Major train disasters: Sri Lanka, India, USSR
Major train disasters: Sri Lanka, India, USSR
Rail transport is rightfully considered the safest of all. The most terrible disasters were not the fault of the railway, that is not for technical reasons or because of the human factor. Most of the victims were caused by natural or man-made disasters. Trains found themselves at their epicenter due to a tragic accident.
The largest disaster in the railway transport history is the one of the train line “Queen of the Sea”, which occurred in Sri Lanka due to the tsunami. This tragedy claimed the lives of over 1,700 people.
The disaster was on December 26, 2004 near the village of Peralia. As a result of the Indian Ocean earthquake, giant tsunami waves reached Sri Lanka, covering the coastal railway line and destroying an overcrowded passenger train.
Train number 50 carried out regular trips between cities in the north and south of the island. On that day, a record number of tickets were sold for it – about 1500. In addition, several hundred free riders got on the train. After all, it was a Christian Christmas and a Buddhist full moon holiday. In this regard, the locomotive was even fed more powerful than usual.
At the time of the disaster, at 9.30 am, the train stood at a redirecting traffic light, 170 meters from the seashore. None of the passengers or guides knew about what had happened two and a half hours earlier – a strong earthquake near the island of Sumatra and the tsunami it had generated.
The wave height was from 7.5 to 9 m, that is higher than the train. The wave hit the right side in the direction of travel and threw one of the carriages 10 meters from the track, but it did not overturn. The water began to rise sharply, which caused panic among the passengers. Some of them began to close the windows, while others climbed onto the roof or tried to hide behind the carriages.
The driver decided to tow the wagons, which were not damaged, to a safe place. But he didn’t have time. After 15 minutes, the second wave hit. Passing without delay along the coast, cleared by the first wave, 6-7 meters high, it hit the train with great force and tore it apart. Due to the crush, the passengers could not get out of the cars, which, whirling in a whirlwind, turned into a death trap. The wave threw 30-ton cars a hundred meters from the tracks through the jungle, and an 80-ton diesel locomotive was thrown several tens of meters away. Two carriages were washed into the ocean.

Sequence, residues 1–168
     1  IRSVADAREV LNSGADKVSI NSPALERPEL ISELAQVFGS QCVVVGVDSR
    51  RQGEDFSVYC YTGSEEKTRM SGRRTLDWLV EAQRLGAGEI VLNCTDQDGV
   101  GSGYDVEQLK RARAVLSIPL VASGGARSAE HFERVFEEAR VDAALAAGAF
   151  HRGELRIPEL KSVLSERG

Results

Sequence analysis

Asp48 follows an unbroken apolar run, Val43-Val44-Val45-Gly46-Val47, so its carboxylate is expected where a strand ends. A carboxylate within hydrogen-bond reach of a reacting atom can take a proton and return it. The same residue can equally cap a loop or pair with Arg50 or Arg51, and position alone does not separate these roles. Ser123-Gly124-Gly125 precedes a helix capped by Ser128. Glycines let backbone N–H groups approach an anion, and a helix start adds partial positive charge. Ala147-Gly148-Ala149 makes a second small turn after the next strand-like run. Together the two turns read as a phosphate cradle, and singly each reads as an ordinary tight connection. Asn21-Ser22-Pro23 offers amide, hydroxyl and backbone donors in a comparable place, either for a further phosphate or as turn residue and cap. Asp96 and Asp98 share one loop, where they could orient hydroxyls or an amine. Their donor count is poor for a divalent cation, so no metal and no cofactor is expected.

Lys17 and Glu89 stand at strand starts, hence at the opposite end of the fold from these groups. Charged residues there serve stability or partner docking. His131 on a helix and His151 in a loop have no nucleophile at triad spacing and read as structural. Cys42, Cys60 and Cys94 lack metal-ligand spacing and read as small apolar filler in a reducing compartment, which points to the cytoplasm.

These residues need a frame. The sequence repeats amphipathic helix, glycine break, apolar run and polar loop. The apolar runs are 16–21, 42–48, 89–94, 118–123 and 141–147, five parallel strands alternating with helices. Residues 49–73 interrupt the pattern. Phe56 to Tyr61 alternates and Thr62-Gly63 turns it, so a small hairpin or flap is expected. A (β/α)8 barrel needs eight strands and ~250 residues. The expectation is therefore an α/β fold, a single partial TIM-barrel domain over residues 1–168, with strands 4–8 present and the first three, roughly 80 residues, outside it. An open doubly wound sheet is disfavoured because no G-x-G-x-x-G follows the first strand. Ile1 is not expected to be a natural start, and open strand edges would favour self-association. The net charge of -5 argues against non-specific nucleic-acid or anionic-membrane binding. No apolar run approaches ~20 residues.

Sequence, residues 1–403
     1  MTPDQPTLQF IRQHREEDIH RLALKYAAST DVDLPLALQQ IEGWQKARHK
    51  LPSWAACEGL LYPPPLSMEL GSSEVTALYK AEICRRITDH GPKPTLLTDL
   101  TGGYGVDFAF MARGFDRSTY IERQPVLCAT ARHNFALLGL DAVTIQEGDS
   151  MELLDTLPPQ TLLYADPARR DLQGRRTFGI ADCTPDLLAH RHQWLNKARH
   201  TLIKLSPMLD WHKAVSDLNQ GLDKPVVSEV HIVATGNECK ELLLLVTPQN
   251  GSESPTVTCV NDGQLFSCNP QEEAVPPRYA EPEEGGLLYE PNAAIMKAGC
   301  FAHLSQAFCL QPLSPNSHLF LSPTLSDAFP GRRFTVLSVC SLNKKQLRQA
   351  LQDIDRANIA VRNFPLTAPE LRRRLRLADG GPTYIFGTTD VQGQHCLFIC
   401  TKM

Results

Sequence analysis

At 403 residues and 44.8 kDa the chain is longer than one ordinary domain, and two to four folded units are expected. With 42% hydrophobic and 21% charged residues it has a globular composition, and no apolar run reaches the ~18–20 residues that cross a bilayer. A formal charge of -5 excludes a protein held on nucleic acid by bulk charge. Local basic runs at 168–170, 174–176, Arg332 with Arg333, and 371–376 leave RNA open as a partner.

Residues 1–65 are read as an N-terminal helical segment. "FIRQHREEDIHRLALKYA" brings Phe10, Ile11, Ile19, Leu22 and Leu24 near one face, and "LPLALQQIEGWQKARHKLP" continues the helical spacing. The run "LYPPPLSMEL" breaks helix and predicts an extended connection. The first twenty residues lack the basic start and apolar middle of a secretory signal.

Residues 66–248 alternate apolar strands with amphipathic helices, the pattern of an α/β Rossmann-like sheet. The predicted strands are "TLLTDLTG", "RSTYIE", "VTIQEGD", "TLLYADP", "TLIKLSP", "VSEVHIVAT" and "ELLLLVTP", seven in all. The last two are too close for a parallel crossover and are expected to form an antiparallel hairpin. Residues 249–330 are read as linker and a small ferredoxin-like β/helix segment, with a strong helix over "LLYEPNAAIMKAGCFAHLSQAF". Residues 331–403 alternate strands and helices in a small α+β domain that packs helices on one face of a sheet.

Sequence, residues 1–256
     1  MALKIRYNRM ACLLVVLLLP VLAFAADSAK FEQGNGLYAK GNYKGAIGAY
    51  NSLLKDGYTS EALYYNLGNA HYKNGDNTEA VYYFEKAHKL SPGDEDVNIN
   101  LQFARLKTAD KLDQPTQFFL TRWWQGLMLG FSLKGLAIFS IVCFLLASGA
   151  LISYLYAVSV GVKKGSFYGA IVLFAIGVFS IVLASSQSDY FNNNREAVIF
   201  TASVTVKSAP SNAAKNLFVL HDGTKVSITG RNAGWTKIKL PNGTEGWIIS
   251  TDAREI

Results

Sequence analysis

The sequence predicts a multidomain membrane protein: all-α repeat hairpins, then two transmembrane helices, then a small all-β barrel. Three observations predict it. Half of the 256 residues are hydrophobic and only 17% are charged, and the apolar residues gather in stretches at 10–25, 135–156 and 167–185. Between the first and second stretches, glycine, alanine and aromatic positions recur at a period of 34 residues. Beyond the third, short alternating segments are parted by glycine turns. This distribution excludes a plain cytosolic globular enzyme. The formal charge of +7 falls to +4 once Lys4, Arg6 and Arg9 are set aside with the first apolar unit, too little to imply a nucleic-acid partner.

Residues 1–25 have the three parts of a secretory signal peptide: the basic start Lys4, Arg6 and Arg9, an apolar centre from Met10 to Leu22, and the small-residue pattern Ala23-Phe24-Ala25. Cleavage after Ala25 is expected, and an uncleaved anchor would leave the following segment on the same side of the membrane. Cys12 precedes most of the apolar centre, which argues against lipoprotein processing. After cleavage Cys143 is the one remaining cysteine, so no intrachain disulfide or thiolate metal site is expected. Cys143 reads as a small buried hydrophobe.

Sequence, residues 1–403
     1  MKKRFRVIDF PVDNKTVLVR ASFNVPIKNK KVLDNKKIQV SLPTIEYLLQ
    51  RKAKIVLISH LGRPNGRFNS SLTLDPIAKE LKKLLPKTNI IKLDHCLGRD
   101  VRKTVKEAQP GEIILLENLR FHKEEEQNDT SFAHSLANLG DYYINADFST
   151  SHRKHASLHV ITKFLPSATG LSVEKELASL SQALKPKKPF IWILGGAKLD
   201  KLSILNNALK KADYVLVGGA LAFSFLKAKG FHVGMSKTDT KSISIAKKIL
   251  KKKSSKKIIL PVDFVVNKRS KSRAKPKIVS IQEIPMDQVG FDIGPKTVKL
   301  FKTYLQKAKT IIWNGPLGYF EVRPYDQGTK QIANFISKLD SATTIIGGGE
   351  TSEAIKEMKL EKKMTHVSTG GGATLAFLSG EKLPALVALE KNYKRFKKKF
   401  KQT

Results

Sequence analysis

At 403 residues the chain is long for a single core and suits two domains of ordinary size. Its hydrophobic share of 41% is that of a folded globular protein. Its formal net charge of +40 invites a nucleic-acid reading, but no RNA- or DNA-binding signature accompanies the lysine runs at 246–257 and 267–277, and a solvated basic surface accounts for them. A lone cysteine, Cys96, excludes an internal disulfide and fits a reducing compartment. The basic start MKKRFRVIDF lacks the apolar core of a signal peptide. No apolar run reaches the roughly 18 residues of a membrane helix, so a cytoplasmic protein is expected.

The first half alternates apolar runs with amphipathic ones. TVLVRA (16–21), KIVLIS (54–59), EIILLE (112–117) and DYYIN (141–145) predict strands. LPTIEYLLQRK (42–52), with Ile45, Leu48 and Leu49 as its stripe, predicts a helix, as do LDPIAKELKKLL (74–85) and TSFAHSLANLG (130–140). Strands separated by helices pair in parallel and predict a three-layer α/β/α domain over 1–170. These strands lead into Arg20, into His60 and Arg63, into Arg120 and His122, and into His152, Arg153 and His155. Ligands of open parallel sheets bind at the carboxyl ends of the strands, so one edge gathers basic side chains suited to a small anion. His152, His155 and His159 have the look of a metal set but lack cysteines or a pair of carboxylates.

The rescue operation did not begin immediately due to a large-scale disaster and the destruction of access roads and lasted for several days. The exact death toll is unlikely to ever be determined. Many bodies were not identified and were buried in “mass graves”. In addition to local residents, among the victims were tourists from Great Britain, Sweden and Israel. Only 150 people survived.
Before the disaster in Sri Lanka, the greatest tragedy in rail transport was considered to be an accident in nearby India. A hurricane wind blew a train off a bridge over the Bagmati River in Bihar state. This happened on June 6, 1981. 7 carriages of the train were thrown into the water. More than 800 people became victims (according to some estimates, more than 1000), the bodies of many people were never found.
In general, India, along with African countries, is one of the leaders in the sad list of countries with the highest number of tragic train accidents.
Although terrible events at different times took place in other states, in particular, at the end of the existence of the USSR. One of the largest railway disasters in the history of mankind occurred on June 4, 1989, at the 1710th kilometer of the Trans-Siberian Railway, near the Asha station in Bashkiria. Due to the gas explosion, two passenger trains were destroyed at once. 575 people died, more than 600 were injured.
The explosion occurred due to a leak of a mixture of hydrocarbons from the Western Siberia – Ural – Volga region gas pipeline due to violation of the technical rules for its operation. The media write that the column of flame was visible for several hundred kilometers, and the glass in the windows was knocked out in the city 10 kilometers from the site of the tragedy.
Trains were simultaneously at the scene of the accident due to a tragic accident, as a result of being late. There were 38 wagons in total. The shock wave threw 11 cars off the rails, seven of which were completely burned down. The remaining 27 were burned inside and out.
A year before this disaster, day after day, June 4, 1988, a tragedy occurred near Arzamas. An RDX explosion in three freight train carriages killed 91 people. The explosion destroyed 151 residential buildings, and craters up to 4 meters deep were formed in the place of the railway track.